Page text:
Thursday, March 22, 2018

A Movie Drenched in Grace

I have finally been to see the movie, A Wrinkle in Time.  I say finally, even though the movie hasn't been out very long.  But it's felt like a struggle to find time to see it, even though I've been looking forward to it--albeit with a certain amount of dread--since plans for it were first announced.

Yesterday I wrote a general review of my experience in this blog post.  But I've also been thinking of the movie in theological terms.  I'd been hearing reviews from people who were disappointed that L'Engle's Christian theology was taken from the story.

I contend that it's there, but you have to be alert.  The most obvious way that the Christian message is still there comes from the plot:  the idea of love as a saving force is very Christian.

Yesterday I wrote this Facebook message:  "I thought that my belief in the saving power of love came from sappy pop songs. Upon further reflection, I am now sure that it came from Madeleine L'Engle's "A Wrinkle in Time." Or perhaps my solid Lutheran upbringing. Probably both."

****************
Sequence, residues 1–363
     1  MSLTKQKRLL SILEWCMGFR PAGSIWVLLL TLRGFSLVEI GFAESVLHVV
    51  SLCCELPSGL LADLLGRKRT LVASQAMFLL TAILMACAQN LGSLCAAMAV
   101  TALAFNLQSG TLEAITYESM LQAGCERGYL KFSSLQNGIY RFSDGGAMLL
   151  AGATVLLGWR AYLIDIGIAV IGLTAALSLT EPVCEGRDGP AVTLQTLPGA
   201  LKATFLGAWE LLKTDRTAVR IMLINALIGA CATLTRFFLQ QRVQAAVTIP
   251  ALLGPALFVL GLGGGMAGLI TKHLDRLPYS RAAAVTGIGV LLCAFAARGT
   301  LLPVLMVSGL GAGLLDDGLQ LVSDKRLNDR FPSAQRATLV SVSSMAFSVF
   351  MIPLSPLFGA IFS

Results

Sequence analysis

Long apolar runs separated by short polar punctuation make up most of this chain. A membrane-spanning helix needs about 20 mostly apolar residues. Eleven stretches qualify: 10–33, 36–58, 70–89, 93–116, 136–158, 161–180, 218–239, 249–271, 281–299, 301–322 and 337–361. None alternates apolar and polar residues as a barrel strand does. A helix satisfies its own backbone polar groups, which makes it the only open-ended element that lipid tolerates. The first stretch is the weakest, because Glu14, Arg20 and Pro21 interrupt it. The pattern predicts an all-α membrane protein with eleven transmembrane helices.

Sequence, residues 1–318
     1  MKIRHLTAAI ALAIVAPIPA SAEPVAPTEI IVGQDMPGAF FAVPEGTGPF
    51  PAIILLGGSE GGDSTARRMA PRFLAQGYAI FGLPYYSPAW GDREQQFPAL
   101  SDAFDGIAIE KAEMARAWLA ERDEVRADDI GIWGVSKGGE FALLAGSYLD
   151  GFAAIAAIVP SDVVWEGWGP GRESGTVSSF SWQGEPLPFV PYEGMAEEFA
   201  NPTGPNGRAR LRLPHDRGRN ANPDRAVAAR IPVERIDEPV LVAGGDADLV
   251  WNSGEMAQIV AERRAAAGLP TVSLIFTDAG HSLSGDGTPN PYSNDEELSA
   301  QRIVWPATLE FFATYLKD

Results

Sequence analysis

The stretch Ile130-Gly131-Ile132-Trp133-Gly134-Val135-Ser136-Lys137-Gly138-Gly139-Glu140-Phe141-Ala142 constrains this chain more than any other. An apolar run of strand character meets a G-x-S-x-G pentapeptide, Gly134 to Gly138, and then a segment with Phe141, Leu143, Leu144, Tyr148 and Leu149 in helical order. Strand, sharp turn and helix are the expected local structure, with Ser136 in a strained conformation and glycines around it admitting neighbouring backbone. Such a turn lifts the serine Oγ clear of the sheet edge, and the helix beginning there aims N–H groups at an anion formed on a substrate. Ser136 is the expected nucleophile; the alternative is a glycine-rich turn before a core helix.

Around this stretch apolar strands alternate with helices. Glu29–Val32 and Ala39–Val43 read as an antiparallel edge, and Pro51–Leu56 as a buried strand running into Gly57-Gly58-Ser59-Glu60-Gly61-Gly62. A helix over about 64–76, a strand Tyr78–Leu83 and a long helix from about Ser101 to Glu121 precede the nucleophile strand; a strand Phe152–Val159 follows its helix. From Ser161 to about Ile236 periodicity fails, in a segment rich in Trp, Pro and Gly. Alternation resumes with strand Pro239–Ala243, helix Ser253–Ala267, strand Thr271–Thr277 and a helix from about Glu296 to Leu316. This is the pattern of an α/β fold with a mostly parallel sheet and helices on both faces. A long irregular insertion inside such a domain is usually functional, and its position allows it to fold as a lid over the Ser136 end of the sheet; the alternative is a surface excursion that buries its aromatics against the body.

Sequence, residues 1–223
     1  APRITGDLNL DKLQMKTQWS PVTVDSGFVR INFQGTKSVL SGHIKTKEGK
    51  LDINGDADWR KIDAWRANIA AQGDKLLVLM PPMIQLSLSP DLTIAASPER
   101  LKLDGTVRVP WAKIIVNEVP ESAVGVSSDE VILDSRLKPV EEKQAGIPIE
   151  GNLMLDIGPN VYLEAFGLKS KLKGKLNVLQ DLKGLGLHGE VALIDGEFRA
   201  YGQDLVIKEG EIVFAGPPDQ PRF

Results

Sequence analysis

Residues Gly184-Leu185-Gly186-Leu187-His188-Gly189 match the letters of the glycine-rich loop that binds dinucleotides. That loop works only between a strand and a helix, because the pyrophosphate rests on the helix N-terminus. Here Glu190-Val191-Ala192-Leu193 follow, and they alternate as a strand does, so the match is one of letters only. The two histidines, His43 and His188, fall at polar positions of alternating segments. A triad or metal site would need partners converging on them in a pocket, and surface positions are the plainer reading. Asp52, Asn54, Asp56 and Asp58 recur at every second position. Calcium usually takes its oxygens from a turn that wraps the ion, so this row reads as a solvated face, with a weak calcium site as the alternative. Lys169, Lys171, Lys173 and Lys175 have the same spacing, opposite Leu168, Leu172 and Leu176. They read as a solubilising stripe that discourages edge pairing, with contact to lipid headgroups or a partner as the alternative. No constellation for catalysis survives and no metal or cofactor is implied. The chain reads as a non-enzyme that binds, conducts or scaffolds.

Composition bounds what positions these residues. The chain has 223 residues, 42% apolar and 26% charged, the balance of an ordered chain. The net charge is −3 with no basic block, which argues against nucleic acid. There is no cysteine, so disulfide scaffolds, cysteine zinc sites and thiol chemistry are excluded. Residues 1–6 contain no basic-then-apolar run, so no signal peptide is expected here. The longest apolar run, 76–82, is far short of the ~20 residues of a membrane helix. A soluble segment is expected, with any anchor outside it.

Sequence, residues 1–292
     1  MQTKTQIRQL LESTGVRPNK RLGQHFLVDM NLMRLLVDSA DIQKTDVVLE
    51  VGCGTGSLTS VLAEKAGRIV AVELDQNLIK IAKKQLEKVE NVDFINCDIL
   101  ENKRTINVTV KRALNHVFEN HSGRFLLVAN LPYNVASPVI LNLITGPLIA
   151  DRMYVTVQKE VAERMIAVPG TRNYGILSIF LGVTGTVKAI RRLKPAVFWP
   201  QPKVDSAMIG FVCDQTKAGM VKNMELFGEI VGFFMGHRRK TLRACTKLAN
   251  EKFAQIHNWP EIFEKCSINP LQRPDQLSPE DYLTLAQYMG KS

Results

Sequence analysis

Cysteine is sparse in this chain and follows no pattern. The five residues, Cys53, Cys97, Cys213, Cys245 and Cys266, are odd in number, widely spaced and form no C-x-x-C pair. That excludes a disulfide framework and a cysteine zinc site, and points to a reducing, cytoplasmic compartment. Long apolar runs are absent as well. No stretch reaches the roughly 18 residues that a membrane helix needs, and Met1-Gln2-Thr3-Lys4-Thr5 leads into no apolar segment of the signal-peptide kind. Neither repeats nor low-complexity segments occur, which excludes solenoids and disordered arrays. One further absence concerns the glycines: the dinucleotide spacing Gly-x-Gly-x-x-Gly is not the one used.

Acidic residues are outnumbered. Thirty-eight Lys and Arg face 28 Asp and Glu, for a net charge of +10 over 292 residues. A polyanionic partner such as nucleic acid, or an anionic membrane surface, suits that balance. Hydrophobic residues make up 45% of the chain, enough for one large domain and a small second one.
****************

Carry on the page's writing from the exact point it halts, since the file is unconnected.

But the more powerful message in the movie is one of grace, even if it's not discussed in that specific theological term.  I found myself weeping at the idea that there's only one Meg Murray--and by extension, only one of any of us.  But more than that, I was weeping at the improbability that any of us would be born exactly the way we are--but it happened.

And then what do most of us do?  We spend much of our lives resisting what makes us wonderful.  We try to change what we perceive as weakness.  We go through our days judging ourselves and everyone around us and we all come up as wanting.

But think of how the world would change if we saw ourselves as perfect, exactly the way we are.  Or to take that idea further--what if what we think of as our imperfections are actually our gifts?

The plot shows Meg again and again that she is more powerful than she knows, that she has strengths that she has yet to perceive, that she is a gift to the world, and that it is her ability to love that is the greatest gift of all.

If that's not a Christian message, then I don't know what is.

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